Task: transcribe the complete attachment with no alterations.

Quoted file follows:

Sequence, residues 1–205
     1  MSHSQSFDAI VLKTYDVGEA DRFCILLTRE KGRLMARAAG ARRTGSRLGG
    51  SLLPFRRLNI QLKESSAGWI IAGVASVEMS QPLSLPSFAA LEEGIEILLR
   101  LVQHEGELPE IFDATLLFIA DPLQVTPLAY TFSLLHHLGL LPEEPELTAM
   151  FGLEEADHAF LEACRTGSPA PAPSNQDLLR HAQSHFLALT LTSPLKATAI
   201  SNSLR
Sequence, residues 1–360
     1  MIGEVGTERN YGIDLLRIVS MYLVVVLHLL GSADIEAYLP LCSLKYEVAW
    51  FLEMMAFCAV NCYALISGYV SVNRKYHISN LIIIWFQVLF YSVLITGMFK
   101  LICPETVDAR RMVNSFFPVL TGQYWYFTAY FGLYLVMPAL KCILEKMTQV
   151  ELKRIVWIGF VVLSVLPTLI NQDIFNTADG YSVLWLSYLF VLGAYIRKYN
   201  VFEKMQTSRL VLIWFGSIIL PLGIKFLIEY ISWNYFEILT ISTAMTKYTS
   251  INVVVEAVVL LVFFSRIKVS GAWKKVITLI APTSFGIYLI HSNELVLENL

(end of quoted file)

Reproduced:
Sequence, residues 1–205
     1  MSHSQSFDAI VLKTYDVGEA DRFCILLTRE KGRLMARAAG ARRTGSRLGG
    51  SLLPFRRLNI QLKESSAGWI IAGVASVEMS QPLSLPSFAA LEEGIEILLR
   101  LVQHEGELPE IFDATLLFIA DPLQVTPLAY TFSLLHHLGL LPEEPELTAM
   151  FGLEEADHAF LEACRTGSPA PAPSNQDLLR HAQSHFLALT LTSPLKATAI
   201  SNSLR
Sequence, residues 1–360
     1  MIGEVGTERN YGIDLLRIVS MYLVVVLHLL GSADIEAYLP LCSLKYEVAW
    51  FLEMMAFCAV NCYALISGYV SVNRKYHISN LIIIWFQVLF YSVLITGMFK
   101  LICPETVDAR RMVNSFFPVL TGQYWYFTAY FGLYLVMPAL KCILEKMTQV
   151  ELKRIVWIGF VVLSVLPTLI NQDIFNTADG YSVLWLSYLF VLGAYIRKYN
   201  VFEKMQTSRL VLIWFGSIIL PLGIKFLIEY ISWNYFEILT ISTAMTKYTS
   251  INVVVEAVVL LVFFSRIKVS GAWKKVITLI APTSFGIYLI HSNELVLENL